Mobile Suit Gundam SEED - Pain


Disclaimer: Mobile Suit Gundam SEED, Mobile Suit Gundam SEED DESTINY, Mobile Suit Gundam SEED ASTRAY, Mobile Suit Gundam SEED MSV and SEED DESTINY MSV are the property of Bandai and Sunrise, not me. I make no money off this little venture. This is purely for entertainment purposes, and no copyright infringement is intended.


I think Gundam SEED and, more specifically, Gundam SEED DESTINY suck. I have made this known to people. Some of DESTINY's most ardent fans have, in their own way, challenged me to do better.

So I will.

The famed druggies three from Gundam SEED got pretty well shafted in terms of character development. As they were written, they came across as being there solely to provide Kira and Athrun with something other than Strike Daggers to fight in their run-ins with the Dominion. For whatever reason, they remain popular. Okay.

Well, as part of my "this is why you don't have a girlfriend"-sized SEED / SEED DESTINY fanfic, here I come to rectify that oversight. This fanfic is all about the druggies, covering their adventures in the Cosmic Era. This story is contingent upon my revised ending to SEED, "Seeds of Shadows." An even earlier fanfic, "The Power to Protect," might clear up a couple of things too, though it's not necessary to understand the fundamental basis of what's going on here.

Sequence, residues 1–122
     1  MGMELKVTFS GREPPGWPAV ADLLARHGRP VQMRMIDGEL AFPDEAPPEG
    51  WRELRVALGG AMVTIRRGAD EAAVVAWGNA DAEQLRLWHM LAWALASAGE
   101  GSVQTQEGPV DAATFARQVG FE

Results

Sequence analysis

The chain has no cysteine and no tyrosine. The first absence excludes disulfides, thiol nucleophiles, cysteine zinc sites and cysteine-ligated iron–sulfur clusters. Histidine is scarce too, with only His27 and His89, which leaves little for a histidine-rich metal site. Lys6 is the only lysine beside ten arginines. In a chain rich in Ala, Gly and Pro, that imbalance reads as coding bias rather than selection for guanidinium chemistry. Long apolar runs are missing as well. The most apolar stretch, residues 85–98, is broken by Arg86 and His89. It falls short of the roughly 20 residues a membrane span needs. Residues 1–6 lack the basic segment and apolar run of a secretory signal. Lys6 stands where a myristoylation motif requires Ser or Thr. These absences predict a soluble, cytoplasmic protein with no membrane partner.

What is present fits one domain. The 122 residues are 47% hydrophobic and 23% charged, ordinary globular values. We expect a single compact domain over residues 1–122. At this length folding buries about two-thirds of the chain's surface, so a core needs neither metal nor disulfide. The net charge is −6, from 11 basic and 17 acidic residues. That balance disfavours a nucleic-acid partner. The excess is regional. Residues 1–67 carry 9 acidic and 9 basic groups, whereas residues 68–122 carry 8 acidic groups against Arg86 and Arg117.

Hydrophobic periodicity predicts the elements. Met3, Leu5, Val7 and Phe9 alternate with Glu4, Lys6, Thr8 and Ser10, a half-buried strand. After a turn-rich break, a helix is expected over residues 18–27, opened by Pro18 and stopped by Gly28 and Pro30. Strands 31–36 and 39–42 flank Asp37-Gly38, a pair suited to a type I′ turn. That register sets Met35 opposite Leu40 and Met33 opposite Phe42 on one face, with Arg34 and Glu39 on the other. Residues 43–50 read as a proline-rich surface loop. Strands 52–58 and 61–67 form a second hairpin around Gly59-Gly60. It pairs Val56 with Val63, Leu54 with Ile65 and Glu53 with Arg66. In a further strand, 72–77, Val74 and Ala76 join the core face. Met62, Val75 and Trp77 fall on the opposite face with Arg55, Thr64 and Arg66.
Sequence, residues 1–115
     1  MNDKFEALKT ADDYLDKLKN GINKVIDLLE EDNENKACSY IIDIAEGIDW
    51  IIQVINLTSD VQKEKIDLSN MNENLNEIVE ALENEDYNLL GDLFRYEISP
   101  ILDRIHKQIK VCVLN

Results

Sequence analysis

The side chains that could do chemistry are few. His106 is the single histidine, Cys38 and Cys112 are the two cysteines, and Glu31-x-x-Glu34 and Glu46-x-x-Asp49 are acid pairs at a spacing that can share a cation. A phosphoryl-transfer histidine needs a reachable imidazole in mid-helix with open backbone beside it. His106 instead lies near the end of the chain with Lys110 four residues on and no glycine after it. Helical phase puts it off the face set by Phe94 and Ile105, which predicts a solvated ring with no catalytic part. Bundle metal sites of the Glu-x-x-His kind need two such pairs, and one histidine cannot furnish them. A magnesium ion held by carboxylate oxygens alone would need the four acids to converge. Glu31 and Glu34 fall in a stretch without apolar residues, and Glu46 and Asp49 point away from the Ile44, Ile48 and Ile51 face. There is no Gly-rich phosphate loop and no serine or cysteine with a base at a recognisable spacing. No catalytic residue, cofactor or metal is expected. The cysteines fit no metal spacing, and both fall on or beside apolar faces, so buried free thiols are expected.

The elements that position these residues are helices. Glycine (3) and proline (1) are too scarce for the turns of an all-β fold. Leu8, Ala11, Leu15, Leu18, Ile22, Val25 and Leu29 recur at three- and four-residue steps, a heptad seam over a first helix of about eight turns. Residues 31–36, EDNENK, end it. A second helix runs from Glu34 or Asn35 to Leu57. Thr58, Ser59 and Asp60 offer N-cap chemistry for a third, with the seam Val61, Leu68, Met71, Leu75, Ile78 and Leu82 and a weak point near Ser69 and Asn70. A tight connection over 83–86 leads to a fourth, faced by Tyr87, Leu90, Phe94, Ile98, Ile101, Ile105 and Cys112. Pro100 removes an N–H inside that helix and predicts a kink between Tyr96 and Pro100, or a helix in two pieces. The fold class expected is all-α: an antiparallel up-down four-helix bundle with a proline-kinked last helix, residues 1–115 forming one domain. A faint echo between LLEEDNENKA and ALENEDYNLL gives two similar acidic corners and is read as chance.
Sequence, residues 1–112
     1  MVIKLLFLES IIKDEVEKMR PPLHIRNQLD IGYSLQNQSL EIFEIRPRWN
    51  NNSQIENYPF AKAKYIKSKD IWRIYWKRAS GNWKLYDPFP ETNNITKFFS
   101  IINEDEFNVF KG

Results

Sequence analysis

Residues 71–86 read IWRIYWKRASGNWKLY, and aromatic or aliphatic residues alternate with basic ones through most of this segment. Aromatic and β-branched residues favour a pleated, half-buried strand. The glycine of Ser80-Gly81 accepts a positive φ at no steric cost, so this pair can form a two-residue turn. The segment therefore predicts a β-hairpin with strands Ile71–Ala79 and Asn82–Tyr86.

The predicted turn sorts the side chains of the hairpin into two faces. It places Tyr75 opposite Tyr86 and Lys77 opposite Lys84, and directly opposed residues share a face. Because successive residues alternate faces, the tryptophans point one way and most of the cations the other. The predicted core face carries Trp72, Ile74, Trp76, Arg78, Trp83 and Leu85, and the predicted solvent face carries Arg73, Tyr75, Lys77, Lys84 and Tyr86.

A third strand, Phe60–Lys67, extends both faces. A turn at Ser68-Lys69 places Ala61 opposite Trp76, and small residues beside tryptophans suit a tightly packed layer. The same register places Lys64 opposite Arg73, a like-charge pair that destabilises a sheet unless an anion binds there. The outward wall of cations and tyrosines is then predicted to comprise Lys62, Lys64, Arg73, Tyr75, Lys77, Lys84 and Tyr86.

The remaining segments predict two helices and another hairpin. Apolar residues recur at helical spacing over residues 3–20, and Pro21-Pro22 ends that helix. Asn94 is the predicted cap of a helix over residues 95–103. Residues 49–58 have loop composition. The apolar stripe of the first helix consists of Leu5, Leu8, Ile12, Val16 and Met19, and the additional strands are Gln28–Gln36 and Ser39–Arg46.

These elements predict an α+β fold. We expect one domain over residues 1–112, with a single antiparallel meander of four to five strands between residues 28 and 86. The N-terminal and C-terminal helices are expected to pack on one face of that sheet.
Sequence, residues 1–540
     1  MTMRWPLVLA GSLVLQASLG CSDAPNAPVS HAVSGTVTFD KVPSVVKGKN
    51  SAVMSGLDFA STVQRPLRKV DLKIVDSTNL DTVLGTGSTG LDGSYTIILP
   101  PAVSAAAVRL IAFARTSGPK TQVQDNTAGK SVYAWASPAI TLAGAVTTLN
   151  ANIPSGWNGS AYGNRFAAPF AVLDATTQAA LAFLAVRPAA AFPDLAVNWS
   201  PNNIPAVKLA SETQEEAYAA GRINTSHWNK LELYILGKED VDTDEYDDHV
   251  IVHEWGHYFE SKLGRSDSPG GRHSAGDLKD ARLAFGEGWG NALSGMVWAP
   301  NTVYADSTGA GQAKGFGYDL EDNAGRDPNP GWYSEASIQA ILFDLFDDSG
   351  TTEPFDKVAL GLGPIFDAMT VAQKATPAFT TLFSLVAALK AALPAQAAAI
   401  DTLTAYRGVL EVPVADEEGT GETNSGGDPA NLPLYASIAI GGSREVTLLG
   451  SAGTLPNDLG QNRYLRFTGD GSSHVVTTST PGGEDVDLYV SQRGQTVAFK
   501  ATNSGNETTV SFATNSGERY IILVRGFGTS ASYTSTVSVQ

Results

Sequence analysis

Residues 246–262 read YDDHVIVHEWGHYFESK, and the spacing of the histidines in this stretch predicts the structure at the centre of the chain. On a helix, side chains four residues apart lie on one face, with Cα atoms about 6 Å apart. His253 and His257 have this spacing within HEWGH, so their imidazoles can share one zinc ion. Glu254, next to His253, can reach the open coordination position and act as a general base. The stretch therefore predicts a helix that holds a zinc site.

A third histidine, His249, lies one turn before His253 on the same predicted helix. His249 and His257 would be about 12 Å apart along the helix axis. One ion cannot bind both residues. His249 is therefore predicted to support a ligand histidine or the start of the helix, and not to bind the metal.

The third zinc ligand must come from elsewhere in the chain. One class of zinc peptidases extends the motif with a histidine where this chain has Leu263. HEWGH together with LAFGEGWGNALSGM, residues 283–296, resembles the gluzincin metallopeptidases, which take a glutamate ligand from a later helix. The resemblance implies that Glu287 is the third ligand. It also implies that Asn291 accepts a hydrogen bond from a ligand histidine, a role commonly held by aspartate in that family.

I will post a new chapter every Friday, or the soonest day thereafter should something arise on Friday to keep me from posting.


Phase 01 - A Gentle Hand


February 9th, CE 72 - Atlantic Federation Agamemnon-class carrier John Adams

He was being lifted; he was being moved; he was being set down again. He felt something cover him up to his neck; he felt a brief pinch of pain in his arm, and then, a moment later, his entire body felt like it was cooling; like he had been dying of thirst and finally had a drink of icy water.

Shani Andras groaned quietly. He still could not open his eyes.

"We've done everything we can to reverse the changes," a man's voice said, "but anymore operations will kill them."

"I see," another voice, distinctly deeper and gruffer, answered. "Well, what all did you manage to do?"